It is by no means clear what will happen with manga and anime in the future. The issue that most interests me is that of pros and amateurs, for lack of better terms, which plays out differently in these three cultural forms.
The musical forms have always had a more or less professional class and acknowledged stars. At the same time, the idioms have always been within the reach of amateurs, from children though adults. Musical instruments and lessons are relatively cheap and informal performance opportunities and venues are plentiful. Graffiti culture is different. It is mostly a culture of amateurs, though some writers have managed to make a living as designers and a few have managed to paint grafs for hire. But there is no well-established professional class and no real “stars” with a capital “S.” Nor is there a considerable commercial establishment devoted to graffiti, as there is for both the musical idioms and manga and anime.
Manga is much like African-American Music, at least in Japan, with a large contingent of amateurs, some of whom go on to make a living at it. I’m not aware of a substantial amateur manga culture in America - though there is certainly some activity - but it is an idiom that is, at least in principle, accessible to amateurs. Pen and paper are cheap and plentiful, as are PCs and printers.
Anime is different from these other forms. In general, animation may be the most labor intensive expressive idiom humankind has invented - other than architecture and building, which have functional foundations. Amateurs can and do make animations, but it is not easy. The emergence of YouTube has encouraged the creation of AMVs (anime music videos), in which people take a favorite song and set anime clips and stills to the song. Some of them are quite creative, but this is a long way from scratch animation. It is conceivable that computer technology will put high-quality animation within reach of individual and-or small groups of amateurs. In fact, this seems rather more likely than the much-vaunted “Singularity” where computers surpass humans to become the most intelligent beings on the planet.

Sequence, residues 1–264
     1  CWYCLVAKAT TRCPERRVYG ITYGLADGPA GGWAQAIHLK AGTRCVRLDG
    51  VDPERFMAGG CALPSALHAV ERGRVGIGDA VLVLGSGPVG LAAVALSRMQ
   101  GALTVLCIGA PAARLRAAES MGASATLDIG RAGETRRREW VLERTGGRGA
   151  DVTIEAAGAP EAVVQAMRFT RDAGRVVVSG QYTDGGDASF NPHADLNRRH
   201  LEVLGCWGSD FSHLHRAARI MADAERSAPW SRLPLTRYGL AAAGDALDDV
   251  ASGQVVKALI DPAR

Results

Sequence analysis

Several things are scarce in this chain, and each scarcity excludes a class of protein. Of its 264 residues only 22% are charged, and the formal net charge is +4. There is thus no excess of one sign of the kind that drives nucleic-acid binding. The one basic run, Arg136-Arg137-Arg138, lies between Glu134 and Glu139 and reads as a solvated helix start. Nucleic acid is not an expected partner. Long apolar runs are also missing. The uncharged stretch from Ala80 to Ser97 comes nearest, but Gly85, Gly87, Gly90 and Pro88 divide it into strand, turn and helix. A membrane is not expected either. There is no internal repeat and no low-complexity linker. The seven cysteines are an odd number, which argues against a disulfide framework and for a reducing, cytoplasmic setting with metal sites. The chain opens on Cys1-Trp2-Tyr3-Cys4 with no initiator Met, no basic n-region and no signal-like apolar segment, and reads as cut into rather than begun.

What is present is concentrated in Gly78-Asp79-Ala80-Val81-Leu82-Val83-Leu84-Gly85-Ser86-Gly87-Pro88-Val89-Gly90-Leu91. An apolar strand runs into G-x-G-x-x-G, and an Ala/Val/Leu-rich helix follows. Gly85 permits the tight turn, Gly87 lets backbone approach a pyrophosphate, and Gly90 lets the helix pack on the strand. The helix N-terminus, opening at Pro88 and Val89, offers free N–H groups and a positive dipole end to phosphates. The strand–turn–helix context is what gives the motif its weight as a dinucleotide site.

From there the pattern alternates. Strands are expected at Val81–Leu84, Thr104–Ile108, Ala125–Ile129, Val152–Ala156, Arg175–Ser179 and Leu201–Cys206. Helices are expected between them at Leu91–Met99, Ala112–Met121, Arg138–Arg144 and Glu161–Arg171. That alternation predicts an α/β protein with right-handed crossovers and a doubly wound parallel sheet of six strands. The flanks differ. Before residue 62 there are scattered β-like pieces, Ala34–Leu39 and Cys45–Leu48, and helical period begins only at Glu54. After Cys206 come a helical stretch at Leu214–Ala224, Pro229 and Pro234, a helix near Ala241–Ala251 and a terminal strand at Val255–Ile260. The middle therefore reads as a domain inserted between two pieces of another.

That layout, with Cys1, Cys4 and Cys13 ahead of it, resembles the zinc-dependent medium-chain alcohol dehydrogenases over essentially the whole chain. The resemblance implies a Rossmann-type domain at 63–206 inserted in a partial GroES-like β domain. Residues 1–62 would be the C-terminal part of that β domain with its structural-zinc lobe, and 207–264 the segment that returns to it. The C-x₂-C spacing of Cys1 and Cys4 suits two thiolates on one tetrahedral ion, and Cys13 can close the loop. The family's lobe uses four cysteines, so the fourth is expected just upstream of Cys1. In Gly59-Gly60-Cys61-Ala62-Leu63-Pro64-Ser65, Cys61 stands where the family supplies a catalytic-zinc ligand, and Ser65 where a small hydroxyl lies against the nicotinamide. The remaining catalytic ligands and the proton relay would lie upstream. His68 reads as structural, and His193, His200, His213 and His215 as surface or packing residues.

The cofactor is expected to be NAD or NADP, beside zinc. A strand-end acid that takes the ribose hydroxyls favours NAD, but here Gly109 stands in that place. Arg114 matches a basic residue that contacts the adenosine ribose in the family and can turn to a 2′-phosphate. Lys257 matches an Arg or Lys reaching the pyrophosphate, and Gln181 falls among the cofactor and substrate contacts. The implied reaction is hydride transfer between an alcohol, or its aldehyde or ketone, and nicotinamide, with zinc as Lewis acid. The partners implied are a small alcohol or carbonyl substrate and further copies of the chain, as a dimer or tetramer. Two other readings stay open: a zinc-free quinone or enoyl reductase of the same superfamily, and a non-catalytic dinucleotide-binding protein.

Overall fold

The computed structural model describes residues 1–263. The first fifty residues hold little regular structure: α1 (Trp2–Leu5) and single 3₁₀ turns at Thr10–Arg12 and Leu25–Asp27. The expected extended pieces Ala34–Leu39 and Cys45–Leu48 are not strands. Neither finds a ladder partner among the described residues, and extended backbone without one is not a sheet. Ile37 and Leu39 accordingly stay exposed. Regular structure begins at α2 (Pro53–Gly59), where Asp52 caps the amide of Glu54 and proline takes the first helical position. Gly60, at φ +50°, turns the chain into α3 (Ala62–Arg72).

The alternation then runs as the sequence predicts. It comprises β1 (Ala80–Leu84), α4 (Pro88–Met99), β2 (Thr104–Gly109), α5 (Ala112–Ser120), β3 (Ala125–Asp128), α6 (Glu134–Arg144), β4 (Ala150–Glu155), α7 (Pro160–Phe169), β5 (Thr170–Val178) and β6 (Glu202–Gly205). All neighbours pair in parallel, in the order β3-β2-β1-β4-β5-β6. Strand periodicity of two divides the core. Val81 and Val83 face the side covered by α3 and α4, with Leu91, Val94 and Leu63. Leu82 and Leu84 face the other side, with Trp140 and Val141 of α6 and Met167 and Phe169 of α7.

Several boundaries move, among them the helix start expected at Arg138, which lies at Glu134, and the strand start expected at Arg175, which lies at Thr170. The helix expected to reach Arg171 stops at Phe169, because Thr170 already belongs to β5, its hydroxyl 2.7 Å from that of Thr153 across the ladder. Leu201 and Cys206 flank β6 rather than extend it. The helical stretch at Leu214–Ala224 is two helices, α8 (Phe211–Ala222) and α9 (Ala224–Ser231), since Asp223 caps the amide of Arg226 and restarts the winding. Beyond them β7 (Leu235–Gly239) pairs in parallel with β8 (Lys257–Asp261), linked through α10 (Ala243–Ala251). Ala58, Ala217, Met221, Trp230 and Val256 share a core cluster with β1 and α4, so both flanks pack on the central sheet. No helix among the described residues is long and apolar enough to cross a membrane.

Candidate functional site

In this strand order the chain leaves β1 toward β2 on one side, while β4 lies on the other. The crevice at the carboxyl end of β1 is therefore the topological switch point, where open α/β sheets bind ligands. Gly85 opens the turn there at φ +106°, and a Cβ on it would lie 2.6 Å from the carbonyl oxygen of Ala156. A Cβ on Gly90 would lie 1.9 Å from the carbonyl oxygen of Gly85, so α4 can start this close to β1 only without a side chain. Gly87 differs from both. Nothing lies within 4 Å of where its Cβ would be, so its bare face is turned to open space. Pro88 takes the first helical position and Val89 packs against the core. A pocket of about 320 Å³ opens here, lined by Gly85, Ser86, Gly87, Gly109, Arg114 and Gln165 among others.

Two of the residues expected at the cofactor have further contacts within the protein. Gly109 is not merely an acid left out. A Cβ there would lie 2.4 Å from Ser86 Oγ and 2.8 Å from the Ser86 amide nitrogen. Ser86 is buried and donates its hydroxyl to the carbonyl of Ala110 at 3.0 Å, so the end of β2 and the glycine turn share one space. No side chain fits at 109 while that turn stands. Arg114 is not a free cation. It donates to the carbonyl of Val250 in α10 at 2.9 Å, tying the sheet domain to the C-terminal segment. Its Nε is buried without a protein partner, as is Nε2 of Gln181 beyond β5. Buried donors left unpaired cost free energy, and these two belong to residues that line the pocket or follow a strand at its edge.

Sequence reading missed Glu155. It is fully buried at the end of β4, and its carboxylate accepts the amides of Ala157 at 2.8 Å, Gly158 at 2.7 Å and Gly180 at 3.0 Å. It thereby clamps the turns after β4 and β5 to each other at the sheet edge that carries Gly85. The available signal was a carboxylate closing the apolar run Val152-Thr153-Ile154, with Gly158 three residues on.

Regardless of how this falls out, anime is a very attractive idiom and is increasingly popular. Just as we need to account for the popularity of Afican-American musics and graffiti, so we must account for popularity of manga and anime.
Looking back over this, several things strike me:
1. Both African-America music and manga-anime have resulted from the cross-breeding of cultural strains that have had, up to the point of irrevocable contact, considerable distance and independence from one another. Graffiti isn’t like that.
2. Both African-American music and manga-anime have become substantially legitimized and commercialized whereas graffiti has not. It remains at the margin.
3. Because of its marginal status, graffiti still gets some of its energy, its practice, from the mere space in which it exists. It’s existence in those spaces is itself transgressive. This is not true of the music or the manga and anime. They may well have transgressive content, but their means of existence is not transgressive, hence the problem of commercializing them.
Finally, there is the question of the cyber-frontier: What’s the role of digital hi-tech wonderment in all this? At least since Vannevar Bush’s 1945 article, “As We May Think,” in the Atlantic Monthly, there’s been a large literature about the wonders that computing technology has in store for us at some unspecified date, but possibly very (very (very)) soon. Where’s the techno-happiness in grooves, grafs, and toons?
Obviously, digital technology has had, and will continue to have, a major role in the creation and dissemination of these expressive forms. That’s not quite the issue I’m interested in. My sense - and here more than anywhere else I’m making it up on the spur of the moment - is that much of the imaginative force of both techno-utopian and dystopian thought comes from older visions of humankind, society, and the world. Futurism has been a creature of the past, following the mandates of hopes and fears given form and direction in previous centuries.
We need a new sense of possibilities, for good and for ill. That sense is not going to come by continuing to weave a techno-weft into a 19th-century imaginative warp. Perhaps these emerging grooves, grafs, and toons will provide a more suitable basis on which to weave the hopes and dreams of life on the New Savanna.
Goin’ to the New Savanna
I don’t think so, Bill. Sure, rock and hip-hop are everywhere. But graffiti (as graf) is only everywhere insofar as it has become part of hip-hop culture. Anime is still almost universally produced in Japan; manga less so, but with at least a large majority of it Japanese.